Ed Norton is one of the most critically acclaimed actors of his generation. He’s also been in several great movies, like Fight Club, American History X, and Primal Fear. Here are Edward Norton's greatest movie scenes in his career, compiling which was no easy feat, given how many great performances he's turned in.
The American born actor made his big screen debut with Primal Fear in 1996 at the age of 27. He not only did he kept up with veteran film star Richard Gere in the movie, but also earned an Academy Award nomination for his portrayal of duplicitous altar boy Aaron Stampler. In his first movie, you can already see some of the best scenes in Edward Norton's career.
It takes more than just great actors to create a memorable scene in a film. Norton has also had the insight to surround himself with a lot of talent behind the camera. One of the best Edward Norton scenes comes in David Fincher’s Fight Club. It’s the scene in which an IKEA catalog literally comes to life. Norton is just the voice-over in the scene; it's Fincher's clever use of CGI that makes the scene so iconic. Norton has also worked with several other acclaimed directors: Spike Lee, Milos Forman, Wes Anderson, and Alejandro Iñárritu.
Ed Norton's best scenes will make you laugh, cry, and even make your jaw drop. Check them out and then be sure to vote up for the best scenes in Edward Norton’s filmography.
"I am Jack's smirking revenge."
David Fincher takes Ed Norton's Narrator (Jack, if you will) to outlandish physical extremes. The Narrator literally beats himself up, smashing against furniture, shattering glass, and throwing himself around by the necktie in front of his boss for the purpose of blackmailing him. His boss is in such disbelief that all he can do is watch in horror. Norton's physical dedication to the scene, and the deep sense of his fracturing psyche that comes across, shows the preternaturally gifted thespian at the top of his game.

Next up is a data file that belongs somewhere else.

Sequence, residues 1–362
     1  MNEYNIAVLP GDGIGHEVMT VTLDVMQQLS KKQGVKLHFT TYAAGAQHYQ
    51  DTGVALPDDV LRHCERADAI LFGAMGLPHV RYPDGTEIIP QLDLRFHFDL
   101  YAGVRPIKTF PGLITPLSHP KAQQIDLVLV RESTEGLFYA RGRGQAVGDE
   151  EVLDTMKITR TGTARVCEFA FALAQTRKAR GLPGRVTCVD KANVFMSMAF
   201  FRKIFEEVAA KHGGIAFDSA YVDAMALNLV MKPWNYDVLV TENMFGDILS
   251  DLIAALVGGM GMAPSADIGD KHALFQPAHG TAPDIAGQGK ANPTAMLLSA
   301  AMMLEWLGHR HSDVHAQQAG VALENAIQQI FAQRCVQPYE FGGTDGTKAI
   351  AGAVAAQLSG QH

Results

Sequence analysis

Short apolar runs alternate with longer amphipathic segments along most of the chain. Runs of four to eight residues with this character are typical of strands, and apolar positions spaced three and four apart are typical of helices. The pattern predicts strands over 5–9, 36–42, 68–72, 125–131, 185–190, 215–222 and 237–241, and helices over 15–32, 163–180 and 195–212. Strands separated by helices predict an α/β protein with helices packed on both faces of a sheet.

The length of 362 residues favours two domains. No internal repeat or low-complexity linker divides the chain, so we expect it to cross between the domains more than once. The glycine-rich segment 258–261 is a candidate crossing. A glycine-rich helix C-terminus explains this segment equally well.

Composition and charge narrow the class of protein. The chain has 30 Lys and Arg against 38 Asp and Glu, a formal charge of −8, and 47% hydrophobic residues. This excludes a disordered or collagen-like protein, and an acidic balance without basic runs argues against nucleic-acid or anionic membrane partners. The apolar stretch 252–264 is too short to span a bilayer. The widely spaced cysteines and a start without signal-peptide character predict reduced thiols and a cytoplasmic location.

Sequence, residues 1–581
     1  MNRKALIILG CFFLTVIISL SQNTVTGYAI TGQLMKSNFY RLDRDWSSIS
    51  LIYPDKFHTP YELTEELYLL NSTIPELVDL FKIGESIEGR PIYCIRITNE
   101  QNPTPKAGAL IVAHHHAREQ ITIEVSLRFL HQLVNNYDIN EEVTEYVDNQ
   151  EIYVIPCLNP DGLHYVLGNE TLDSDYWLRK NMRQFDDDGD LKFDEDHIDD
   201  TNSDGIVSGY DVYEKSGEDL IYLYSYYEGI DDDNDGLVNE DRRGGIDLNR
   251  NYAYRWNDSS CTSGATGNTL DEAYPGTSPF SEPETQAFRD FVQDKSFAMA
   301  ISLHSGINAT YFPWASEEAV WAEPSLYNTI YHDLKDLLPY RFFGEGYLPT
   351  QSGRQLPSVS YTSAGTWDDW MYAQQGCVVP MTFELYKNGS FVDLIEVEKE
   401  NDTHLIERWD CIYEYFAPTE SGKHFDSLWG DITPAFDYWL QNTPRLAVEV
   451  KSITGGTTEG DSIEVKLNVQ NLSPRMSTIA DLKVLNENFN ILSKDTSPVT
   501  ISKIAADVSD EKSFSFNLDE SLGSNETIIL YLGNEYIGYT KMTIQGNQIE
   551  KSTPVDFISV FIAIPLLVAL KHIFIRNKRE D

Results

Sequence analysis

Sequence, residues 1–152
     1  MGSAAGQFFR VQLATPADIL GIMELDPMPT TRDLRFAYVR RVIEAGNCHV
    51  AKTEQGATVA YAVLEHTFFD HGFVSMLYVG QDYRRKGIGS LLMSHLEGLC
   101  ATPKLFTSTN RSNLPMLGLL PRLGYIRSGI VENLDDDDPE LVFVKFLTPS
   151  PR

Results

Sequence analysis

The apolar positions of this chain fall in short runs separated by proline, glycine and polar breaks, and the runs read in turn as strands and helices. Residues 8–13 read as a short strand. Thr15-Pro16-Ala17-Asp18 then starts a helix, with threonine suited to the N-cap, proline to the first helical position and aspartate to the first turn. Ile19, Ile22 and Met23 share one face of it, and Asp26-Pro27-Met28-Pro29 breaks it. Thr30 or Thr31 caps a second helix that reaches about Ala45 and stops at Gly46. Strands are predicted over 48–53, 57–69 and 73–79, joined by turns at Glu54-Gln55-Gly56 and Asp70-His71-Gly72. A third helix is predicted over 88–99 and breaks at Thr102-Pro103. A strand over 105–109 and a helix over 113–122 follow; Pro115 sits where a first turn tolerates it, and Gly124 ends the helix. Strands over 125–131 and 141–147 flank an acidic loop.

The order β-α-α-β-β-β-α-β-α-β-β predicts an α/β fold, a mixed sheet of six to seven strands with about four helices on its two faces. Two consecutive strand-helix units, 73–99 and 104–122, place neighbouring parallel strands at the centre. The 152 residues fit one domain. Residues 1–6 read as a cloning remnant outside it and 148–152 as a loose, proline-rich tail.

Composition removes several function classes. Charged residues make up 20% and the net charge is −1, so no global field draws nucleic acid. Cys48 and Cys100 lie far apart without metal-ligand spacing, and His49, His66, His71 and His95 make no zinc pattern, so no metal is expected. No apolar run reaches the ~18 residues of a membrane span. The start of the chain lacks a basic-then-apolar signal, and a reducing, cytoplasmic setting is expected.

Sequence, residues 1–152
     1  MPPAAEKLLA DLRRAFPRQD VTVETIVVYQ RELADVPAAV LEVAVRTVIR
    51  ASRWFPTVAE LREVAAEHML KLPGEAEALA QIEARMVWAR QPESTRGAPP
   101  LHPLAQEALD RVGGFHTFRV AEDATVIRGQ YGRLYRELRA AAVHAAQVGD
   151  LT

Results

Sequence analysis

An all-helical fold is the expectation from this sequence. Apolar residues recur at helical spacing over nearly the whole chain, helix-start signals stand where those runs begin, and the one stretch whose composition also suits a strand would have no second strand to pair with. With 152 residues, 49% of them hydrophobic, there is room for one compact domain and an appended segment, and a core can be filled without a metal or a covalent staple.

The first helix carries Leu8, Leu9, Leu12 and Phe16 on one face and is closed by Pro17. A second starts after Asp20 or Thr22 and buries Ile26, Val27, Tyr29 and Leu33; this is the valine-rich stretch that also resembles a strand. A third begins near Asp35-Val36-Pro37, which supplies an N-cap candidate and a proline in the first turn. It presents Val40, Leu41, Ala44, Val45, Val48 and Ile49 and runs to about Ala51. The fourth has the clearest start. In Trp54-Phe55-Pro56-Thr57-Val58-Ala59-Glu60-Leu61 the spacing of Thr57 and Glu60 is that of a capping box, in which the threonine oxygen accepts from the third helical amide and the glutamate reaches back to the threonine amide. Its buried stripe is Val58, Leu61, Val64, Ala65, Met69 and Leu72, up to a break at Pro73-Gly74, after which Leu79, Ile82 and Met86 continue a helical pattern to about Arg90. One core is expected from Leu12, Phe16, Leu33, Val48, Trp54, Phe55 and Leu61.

You can write a book on what Norton brings to Primal Fear, in his portrayal of Aaron, a whimpering altar boy on trial for murder who also happens to have a split personality. Norton so convinces the audience of Aaron's pathetic demeanor that when his polar opposite personality, Roy, emerges, it's startling.
The scene is also so good it's worth watching again and again, for th epower of the turn and to relish in all the stellar details both Norton and Gere bring to the table. Fun fact: Norton's physical aggression with Gere was unscripted, and Gere's surprise in the scene is genuine.
So needless to say, this one's disturbing.
The curbing is perhaps the scene most talked about when someone brings up American History X, and with good reason - Norton's rage and unapologetically ugly, deeply hateful performance makes the scene very difficult to watch (as does the totally over-the-top and somewhat inappropriate music). It's acinematic moment that makes you want to look away, but know that you can't. The scene, like most of Tony Kaye's film, is shocking.
"Please return your seat to its upright position."
This is the scene in which the Narrator (Norton) finds out that he's also Tyler Durden. Norton needed to play it like he was just as shocked as the spectator, which is spectacularly difficult to do for a number of reasons, not the least of which is how brash Brad Pitt is in his embodiment of the outlandish Durden. Playing the straight man and stealing scenes is no small task, and Norton manages it, playing against type as a relatively dull yuppie pushover whose alter ego is far more interesting. This is obviously the most important scene in the film, and it works to perfection.